Tag Archives: immigration

Book Review: British Buckeyes

British Buckeyes: The English, Scots, & Welsh in Ohio, 1700-1900.By Warren E Van Vugt. (Kent, Ohio: Kent State University Press, 2006. xiii, 295 pp. Cloth, $55.00, ISBN 0-87338-843-7.)

British Buckeyes. The English, Scots, & Welsh in Ohio, 1700-1900 by Warren E. Van Vugt of Calvin College is a survey of the influence British immigrants had on the development of Ohio over the course of two centuries. The arrival, settlement, and impact of British immigrants in the United States after 1775 is virtually ignored in academic literature, so this examination of them in one state is to be welcomed. The first premise of the work is that the history of Ohio cannot be told or understood without the British immigrants. The second premise, asserted in an often repeated phrase, is that British immigrants had a significant impact because of their cultural affinity with the Americans as well as a common language and religion. This fact is perhaps why British immigrants are so often overlooked: before 1775 they helped create American culture, but afterwards they simply blended in, not having as many obstacles to overcome or barriers to break through as other immigrant groups. Van Vugt, following heavily on the heels of Albion’s Seed by David Hackett Fischer, believes that British immigrants coming to Ohio were simply reinforcing the folkways of earlier arrivals from Scotland, England, and Wales. Provocatively, in his conclusion he wonders when Ohio stopped being British and started being American. Although he admits many changes occurred between “early” and “late” British migrants, he does not seem to regard the differences as significant. Continue reading

Lucy Markerly: A Case Study of an Englishwoman’s Immigration to the Western Reserve in the 1830s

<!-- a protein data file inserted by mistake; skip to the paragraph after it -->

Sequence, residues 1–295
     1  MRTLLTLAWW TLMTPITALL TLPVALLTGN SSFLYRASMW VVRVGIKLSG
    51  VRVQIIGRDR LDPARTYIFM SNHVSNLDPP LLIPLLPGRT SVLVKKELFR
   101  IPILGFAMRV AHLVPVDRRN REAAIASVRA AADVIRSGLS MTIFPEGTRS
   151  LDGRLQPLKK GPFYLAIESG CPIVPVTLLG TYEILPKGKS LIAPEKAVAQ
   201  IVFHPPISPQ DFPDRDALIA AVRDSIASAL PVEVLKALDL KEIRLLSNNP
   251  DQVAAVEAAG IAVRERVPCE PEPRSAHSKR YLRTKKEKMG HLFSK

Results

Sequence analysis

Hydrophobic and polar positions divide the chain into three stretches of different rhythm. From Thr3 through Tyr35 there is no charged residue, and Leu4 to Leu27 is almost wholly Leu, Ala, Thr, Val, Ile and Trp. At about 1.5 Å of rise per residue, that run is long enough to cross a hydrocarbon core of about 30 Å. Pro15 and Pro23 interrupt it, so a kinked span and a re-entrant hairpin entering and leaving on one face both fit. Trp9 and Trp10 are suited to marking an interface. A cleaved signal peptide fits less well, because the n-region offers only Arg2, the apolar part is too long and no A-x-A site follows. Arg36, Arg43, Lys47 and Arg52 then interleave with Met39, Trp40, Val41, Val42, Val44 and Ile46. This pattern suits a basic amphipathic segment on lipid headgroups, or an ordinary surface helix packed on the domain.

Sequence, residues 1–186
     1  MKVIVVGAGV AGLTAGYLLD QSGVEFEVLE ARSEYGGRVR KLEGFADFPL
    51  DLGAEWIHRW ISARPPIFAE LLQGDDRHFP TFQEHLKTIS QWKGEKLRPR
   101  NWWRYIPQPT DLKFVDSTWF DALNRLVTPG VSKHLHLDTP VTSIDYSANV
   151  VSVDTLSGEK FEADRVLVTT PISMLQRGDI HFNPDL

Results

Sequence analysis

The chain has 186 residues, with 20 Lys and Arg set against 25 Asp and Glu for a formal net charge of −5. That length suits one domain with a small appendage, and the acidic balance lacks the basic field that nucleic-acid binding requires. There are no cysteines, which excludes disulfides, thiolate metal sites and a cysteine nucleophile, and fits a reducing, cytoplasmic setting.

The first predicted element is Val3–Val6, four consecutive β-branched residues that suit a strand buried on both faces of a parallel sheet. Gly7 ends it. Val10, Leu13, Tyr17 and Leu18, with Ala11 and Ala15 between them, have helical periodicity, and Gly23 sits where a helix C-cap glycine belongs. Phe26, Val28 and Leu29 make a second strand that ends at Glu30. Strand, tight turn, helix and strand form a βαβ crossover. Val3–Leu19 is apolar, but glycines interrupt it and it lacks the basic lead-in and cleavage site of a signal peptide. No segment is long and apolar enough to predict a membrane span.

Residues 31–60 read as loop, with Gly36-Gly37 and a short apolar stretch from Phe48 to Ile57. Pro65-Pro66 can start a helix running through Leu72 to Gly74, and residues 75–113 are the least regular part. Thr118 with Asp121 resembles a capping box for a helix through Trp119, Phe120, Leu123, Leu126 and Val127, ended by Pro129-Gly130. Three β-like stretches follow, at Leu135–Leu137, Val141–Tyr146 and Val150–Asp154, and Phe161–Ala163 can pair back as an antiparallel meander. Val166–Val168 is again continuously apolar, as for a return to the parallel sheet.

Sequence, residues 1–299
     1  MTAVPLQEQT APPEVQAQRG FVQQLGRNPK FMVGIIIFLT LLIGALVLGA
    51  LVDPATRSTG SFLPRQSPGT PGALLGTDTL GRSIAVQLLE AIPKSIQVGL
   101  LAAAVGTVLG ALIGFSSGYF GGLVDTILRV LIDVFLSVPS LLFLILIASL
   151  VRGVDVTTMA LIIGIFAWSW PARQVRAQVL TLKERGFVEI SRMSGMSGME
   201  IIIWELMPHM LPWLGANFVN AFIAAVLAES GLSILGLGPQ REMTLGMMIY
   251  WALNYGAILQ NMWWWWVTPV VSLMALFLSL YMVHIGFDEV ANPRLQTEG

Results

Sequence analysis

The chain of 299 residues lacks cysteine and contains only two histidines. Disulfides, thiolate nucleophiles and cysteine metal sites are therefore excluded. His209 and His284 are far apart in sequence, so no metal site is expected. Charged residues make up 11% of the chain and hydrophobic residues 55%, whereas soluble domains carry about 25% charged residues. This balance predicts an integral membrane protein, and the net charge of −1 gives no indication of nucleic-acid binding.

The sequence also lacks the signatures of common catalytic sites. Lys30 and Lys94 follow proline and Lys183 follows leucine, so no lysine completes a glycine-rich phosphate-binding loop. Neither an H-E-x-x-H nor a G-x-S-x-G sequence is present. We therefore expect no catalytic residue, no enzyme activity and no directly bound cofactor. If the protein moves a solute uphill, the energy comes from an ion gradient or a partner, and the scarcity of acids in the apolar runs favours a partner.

By: John T. Nelson

Contending that women have been marginalized in the historical record investigating immigration, historians Donna Gabaccia and Suzanne Sinke have addressed this bias in the scholarly literature. Scholars Sydney Stahl Weinberg, Maxine S. Seller, and Susan Jacoby have called for changes in the study of immigration by integrating the female view into this important field of United States history. They assert that social history will be incomplete until the historiography includes both genders in a uniform study.1 This paper will argue that Lucy Markerly, an English woman immigrant, provides a case study to examine questions and issues faced by women immigrants. As a widow who outlived two husbands, this educated woman’s life and writing, speak to the motivations behind immigration in the 1830s. The research will assess her actions, as well as the economic, political, and spiritual beliefs revealed in her journal, poetry, and family library.2 Continue reading

Show 2 footnotes

  1. Donna Gabaccia, “Immigrant Women: Nowhere at Home?,” Journal of American Ethnic History 10 (Summer 1991): 61-87.; Suzanne Sinke, “A Historiography of Immigrant Women in the Nineteenth and Early Twentieth Centuries,” Ethnic Forum9 (1989): 122-145.; Sydney Stahl Weinberg, “The Treatment of Women in Immigration History: A Call for Change,” Journal of American Ethnic History, vol. 11, no. 4, (Summer 1992): 25-67.; Maxine S. Seller, “Beyond the Stereotype: A New Look at the Immigrant Woman, 1880-1924,” The Journal of Ethnic Studies 3 (Spring 1975): 59-70.; Susan Jacoby, “World of Our Mothers: Immigrant Women, Immigrant Daughter,” Present Tense 6 (Spring 1979): 48-51.
  2. See Appendix A for examples of Lucy Markerly’s verse.

To Work and Live: Brickyard Laborers, Immigration and Assimilation in an Ohio Town, 1890-1925

By: Martha I. Pallante

Historians generally agree that at the end of the nineteenth and the beginning of the twentieth centuries immigration to the United States, particularly that from Southern and Eastern Europe, played an important role in reshaping the fabric of America life. These waves of humanity flooded American cities joining the laboring masses, and in the process forever changed the character and the composition of American cities. For the most part, historians and the others who have studied this phenomenon have concentrated on the largest masses of that movement–those who went to large urban areas or to the major industrial complexes that acted as magnets for the many immigrant groups.

This study approaches the problem differently. It focuses on a relatively small group of Italian immigrants from the Italian province of Avelino, who arrived in Niles, Ohio between 1890 and the mid 1920s when changes in immigrations laws stemmed their flow. Their origins did little to distinguish them from more mainstream immigration experiences either to east coast or mid-western metropolitan areas. Continue reading